These past couple of days…or I should say weeks have been extremely busy, so, it’s been a bit tough to find time to really blog about things. In short, finals for the class I’m taking is coming up. Then there’s the entrance exams. Last but not least…applications are about to start up, so, if you can’t tell, I’ve been pretty busy getting stuff together for that too. Oh, and of course, I have work…and life. Who’s not busy, right? I’ve actually created a Google Keep post it of different topics I do want to talk about. Interestingly enough, some of it has to do a lot about fashion and grad school, so stay tuned, because there is some of that coming up.
I read an article a few months back that came up on The Atlantic (Which is..weird, because honestly, I’m on the other side of the coast, so why would I read the Atlantic). Actually, it came up on my twitter feed, since I follow major news outlets. I’m a news junkie…what can I say. I like knowing what’s going on. Anyway, the title of the article was “Being a Go-Getter is No Fun” (URL: http://www.theatlantic.com/business/archive/2015/05/being-a-go-getter-is-no-fun/393863/)
It was an interesting article because the journalist describes how a go-getter is often times in a difficult situation. Firstly, a go-getter is what an employer wants. Even in my current job, if I have an idea that fits my current project or concentration of work, I’ll go and get the job done. I’ll literally run the idea by my boss and management, and when I get their blessing, I’ll go with it, updating them along the way. However, this is where this go-getter is going to runs into some issues. People start noticing. People then trust you more with assignments and projects. They rely on you to get not just the work you’re focusing on done, but other areas. Thus, you become, the over worked professional, who may drop the ball on something or perform not as great as before.
There’s a quote in the article that seems to express the sentiments of the go-getter. “Why should you do more work for the same reward, while your less capable coworker coasts along with lower expectations and work?”
Wow…can I just say, that this has been a sentiment that I’ve been feeling?
Don’t get me wrong, I think team work, when done right, offers major advantages. An example outside of the public health realm — the reality show: Project Runway. You’ve seen how some teams that work out well, create some awesome work. And then, you see the drama unfold as well, for the teams that don’t work well. I think the one that seemed to be on my mind is the most recent Project Runway All Stars season, where Kini and Sam were paired up and Kini had done a lot of the work. Who took credit? Watch it and find out! 😉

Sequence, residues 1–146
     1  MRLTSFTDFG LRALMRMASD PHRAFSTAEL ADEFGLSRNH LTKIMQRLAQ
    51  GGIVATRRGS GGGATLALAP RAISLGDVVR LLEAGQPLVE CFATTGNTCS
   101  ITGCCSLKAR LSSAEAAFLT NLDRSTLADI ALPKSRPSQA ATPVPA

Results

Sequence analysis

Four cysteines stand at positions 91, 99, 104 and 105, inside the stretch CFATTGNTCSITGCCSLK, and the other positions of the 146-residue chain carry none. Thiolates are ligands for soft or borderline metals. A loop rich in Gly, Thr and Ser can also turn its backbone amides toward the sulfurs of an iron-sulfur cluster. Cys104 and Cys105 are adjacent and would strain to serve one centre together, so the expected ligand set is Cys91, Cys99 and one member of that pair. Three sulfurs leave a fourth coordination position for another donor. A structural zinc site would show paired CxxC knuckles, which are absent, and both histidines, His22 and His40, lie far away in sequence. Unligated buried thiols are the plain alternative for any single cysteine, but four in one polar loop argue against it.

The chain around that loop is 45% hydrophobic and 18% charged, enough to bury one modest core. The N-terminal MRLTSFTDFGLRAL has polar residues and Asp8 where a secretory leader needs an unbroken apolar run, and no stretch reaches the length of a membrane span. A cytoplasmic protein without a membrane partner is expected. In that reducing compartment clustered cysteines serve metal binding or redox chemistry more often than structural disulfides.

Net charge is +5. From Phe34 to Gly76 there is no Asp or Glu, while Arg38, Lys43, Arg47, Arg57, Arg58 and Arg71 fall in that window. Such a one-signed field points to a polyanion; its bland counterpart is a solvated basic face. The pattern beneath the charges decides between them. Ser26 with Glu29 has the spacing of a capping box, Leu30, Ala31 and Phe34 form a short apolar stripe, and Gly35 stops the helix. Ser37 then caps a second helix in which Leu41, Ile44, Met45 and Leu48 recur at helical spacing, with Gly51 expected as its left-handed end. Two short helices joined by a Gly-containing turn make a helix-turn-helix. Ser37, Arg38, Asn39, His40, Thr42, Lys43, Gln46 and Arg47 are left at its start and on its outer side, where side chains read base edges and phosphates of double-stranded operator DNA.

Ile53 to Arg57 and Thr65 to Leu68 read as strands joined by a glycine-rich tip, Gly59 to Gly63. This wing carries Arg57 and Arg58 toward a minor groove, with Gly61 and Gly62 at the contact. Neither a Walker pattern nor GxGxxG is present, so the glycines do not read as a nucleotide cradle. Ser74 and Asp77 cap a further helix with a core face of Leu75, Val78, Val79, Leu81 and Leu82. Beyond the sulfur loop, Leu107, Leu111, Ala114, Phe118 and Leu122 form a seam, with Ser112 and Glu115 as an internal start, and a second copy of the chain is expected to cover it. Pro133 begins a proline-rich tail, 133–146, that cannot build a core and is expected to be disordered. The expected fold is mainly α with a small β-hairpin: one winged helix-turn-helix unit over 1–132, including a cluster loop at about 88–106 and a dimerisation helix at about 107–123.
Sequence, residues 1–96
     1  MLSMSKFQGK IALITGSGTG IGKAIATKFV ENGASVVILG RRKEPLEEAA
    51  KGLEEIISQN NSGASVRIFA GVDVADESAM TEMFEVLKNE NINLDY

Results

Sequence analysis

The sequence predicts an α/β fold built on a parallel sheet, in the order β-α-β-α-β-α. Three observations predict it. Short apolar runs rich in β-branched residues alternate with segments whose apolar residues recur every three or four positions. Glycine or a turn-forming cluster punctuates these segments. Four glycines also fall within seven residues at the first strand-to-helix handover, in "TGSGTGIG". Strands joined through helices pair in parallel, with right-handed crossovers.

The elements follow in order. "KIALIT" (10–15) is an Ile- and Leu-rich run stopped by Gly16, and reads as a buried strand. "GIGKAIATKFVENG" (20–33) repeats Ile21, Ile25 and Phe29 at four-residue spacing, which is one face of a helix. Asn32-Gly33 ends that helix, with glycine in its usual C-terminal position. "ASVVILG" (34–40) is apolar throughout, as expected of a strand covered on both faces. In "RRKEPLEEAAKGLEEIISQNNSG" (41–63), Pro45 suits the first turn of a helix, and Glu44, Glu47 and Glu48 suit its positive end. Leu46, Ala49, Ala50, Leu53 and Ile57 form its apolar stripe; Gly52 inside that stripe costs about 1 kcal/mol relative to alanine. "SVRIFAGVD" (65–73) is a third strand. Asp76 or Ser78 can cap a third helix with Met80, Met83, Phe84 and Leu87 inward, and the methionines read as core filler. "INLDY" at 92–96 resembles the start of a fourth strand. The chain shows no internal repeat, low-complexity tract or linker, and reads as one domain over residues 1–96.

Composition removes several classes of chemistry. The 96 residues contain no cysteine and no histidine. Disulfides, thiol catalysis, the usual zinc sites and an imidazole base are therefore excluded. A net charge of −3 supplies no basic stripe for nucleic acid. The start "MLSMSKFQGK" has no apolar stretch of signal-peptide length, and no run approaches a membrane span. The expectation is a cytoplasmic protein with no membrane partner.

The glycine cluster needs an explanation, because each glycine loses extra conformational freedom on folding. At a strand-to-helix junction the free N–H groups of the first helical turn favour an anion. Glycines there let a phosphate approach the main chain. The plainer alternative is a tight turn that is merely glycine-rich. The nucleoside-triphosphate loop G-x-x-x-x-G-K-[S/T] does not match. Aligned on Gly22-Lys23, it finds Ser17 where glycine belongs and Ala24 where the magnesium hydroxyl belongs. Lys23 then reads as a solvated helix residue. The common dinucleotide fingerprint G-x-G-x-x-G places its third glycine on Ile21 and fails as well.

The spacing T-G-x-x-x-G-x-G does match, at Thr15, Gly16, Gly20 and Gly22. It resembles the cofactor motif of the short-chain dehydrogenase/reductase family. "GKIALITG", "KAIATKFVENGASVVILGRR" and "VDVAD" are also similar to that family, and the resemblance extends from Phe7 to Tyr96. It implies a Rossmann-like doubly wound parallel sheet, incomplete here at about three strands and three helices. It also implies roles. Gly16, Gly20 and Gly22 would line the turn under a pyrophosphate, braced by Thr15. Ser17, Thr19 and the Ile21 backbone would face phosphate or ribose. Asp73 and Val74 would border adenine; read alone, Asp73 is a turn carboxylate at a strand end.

What I’m getting at, is that when team work is done in its most ideal way, there are many successes. Sky scrapers, smart phones, cars, policy, you name it, it won’t work without team work. Yet, then there’s those who do a lot of the work and who commitment, and later, see as they open their eyes, that somehow, the work got placed on them while others are coasting.
I feel like that at work sometimes. I’m sometimes partnered with a colleague who is more “senior” than I am. She’s older as well. However, it’s gotten to a point where empathize with her. It really is and I’m someone who can empathize with people. I’m a feeler, I’ll cry if you cry. Heck, I’ve cried on the most recent Pixar films. But, here’s the thing…I help you, and you blame me for something you can’t do. I help in the brainstorming sessions, and I form the partnership, while you sit back. You’re in charge, and I have to help train you on all aspects of the curriculum, on top of that, take care of the overview meeting and put the binders together for you. And yet, as a colleague who is senior than me, I am getting more work and more projects than you.
It’s really frustrating. I love my job, and I think I have one of the most rewarding jobs in public health. I really do. However, the drama of the job (even though there is plenty of drama that comes with my job; politics, you know…there’s always drama. Turn on the news, and you’ll see the political drama that I work with) comes when credit is taken when credit is not due.
It’s sad…it really is. Technically, with 3 months of seniority (thus my quotations to “senior” above) and having had more experience than me is sitting back while others are working hard. What is mentioned in The Atlantic is so true, and it’s almost as if the go-getter, the one with the good qualities, the good worker, get’s the short end of the stick. The even sad thing about it? I’m not the only one this is happening to (and I’m not talking about this colleague of mine either). In other departments, professions, organizations, and groups, even grad school work groups…it’s happening. Aren’t the go-getters suppose to be rewarded rather than get more work while others slack of or are considered less capable?
How do we even find ways to give the less capable a chance to rise to the occasion? After all, they’re working, and perhaps $ isn’t the only motive to the job? I’m sure that my colleague loves her job, but it seems as if I have those doubts of whether or not that’s true, because of her performance at work, her lack of willingness to advance or even pick up her own slack, and most of all, her absence.
There’s a painful reality, that as much as team work has its awesomeness. It has it’s issues, and when there are go-getters who are good at their jobs (granted, I’m not good at my job. I have a good team of managers who are extremely efficient and extremely experienced) they get get worked. Literally. I wonder if in their minds, they utter the same phrase too — “Team work, really?”